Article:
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JOHANNESBURG, Feb 27 (Reuters) - Ratings agency Moody’s said on Thursday it sees “elevated” risks to South Africa’s budget forecasts due to doubts over whether trade unions will agree to cutting the public sector wage bill and potential liabilities from struggling state companies.
Finance Minister Tito Mboweni said during an annual budget speech on Wednesday that the government would cut public sector wages by around 160 billion rand ($10.5 billion) over the next three years to contain a rising budget deficit.
But many analysts are sceptical that the government will be able to achieve those cuts given entrenched opposition from unions.
Even with the cuts, the budget deficit will reach 6.8% of gross domestic product (GDP) next fiscal year.
Moody’s is the last of the big three ratings agencies to have South Africa in investment grade and is scheduled to review that rating next month.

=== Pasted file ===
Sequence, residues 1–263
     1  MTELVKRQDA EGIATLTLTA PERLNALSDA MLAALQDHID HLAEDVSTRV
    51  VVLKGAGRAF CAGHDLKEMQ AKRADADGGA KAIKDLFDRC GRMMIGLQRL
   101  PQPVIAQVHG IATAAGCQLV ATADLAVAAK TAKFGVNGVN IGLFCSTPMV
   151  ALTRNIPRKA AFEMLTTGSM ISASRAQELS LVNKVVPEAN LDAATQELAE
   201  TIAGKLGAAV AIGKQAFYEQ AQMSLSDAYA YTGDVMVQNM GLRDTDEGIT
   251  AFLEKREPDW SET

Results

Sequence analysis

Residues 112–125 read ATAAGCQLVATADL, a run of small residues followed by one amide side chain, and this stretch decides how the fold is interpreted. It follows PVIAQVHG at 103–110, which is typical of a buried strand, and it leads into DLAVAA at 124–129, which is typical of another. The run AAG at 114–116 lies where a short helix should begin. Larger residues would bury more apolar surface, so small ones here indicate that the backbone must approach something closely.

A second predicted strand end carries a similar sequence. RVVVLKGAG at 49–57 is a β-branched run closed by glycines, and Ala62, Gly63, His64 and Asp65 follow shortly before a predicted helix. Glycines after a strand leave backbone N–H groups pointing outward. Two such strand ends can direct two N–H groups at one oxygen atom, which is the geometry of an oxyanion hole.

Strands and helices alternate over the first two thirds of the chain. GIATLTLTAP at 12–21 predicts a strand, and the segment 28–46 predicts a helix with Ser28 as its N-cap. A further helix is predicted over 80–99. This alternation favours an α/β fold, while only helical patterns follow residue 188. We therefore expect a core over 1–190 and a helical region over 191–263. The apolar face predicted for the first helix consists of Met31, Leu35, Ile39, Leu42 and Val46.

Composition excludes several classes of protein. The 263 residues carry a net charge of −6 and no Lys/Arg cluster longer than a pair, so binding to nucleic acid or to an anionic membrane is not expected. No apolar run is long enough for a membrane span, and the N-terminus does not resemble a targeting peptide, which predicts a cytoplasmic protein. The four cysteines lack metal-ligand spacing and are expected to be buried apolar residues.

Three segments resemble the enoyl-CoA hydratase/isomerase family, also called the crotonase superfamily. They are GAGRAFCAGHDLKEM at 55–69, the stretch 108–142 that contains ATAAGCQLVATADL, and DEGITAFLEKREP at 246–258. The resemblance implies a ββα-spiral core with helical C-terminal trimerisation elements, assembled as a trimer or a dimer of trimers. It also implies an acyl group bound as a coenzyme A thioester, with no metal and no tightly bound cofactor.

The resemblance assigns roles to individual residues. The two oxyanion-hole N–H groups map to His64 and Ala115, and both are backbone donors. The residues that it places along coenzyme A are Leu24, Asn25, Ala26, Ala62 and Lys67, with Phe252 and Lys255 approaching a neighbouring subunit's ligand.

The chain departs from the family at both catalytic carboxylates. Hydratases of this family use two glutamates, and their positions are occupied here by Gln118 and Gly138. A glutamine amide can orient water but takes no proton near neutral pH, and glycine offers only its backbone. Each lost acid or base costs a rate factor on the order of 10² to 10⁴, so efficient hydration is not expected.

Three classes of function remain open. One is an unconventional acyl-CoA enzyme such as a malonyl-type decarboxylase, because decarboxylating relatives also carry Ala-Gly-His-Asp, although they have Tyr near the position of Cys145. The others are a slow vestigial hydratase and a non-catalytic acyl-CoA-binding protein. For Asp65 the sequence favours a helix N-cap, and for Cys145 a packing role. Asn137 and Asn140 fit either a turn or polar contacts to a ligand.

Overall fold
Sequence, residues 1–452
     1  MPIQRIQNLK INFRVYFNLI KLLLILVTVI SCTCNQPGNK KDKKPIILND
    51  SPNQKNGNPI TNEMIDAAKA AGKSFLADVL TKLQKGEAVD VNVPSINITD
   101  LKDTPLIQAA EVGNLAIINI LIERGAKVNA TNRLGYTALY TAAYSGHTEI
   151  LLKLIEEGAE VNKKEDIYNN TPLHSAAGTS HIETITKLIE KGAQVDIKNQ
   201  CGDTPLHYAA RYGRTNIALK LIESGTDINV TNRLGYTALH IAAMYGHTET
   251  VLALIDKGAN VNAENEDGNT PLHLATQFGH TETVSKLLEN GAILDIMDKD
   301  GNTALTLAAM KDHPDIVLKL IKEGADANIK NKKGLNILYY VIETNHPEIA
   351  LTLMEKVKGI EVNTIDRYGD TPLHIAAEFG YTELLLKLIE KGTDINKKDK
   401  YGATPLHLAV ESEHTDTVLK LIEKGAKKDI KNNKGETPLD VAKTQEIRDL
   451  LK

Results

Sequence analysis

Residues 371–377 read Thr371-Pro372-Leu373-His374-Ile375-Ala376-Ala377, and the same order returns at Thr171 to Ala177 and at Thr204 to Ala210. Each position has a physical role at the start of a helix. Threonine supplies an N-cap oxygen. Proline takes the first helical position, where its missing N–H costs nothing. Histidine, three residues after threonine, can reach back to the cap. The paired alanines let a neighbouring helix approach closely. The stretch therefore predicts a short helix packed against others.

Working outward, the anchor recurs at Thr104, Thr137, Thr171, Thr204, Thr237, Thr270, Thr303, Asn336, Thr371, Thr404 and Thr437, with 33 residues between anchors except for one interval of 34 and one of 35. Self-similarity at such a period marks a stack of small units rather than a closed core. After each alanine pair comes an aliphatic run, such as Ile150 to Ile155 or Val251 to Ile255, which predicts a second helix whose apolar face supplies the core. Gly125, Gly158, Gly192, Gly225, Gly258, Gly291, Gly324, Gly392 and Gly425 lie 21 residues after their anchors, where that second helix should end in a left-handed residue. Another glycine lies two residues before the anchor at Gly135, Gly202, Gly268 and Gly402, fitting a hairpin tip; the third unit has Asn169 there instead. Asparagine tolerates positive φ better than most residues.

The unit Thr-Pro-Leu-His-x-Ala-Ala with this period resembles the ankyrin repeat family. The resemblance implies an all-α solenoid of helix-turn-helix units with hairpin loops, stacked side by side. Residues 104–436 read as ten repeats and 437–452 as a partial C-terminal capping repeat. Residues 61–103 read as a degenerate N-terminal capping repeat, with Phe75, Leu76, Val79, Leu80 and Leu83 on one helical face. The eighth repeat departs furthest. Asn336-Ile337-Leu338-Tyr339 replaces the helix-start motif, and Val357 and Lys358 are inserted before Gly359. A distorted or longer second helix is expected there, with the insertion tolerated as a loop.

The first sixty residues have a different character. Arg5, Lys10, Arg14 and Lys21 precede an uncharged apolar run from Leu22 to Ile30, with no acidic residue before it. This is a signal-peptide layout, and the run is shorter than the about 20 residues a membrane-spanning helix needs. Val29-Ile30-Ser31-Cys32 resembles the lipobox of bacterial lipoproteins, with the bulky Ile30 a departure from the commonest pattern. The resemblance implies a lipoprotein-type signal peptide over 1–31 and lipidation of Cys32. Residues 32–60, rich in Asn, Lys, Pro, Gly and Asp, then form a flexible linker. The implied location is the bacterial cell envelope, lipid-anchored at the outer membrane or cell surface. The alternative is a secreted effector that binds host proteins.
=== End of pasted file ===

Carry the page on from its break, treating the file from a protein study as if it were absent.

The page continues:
It said in a research report that the risks for South Africa were skewed towards a higher debt path, given challenges in containing spending and persistent obstacles to economic growth.
“Even if the government achieves its planned spending restraint, the government’s projected primary deficit of 1.1% of GDP by fiscal 2022 would still be too wide to stabilize the debt burden,” the report said.
“The fiscal trajectory under the new budget is broadly similar to the Medium-Term Budget Policy Statement presented in October.”
Moody’s said in November that a credible fiscal strategy at this week’s budget would be crucial for South Africa to maintain its current ‘Baa3’ rating. The outlook on that rating was lowered to “negative” last year.
$1 = 15.2377 rand Reporting by Alexander Winning and Karin Strohecker Editing by Mark Heinrich and Alexandra Hudson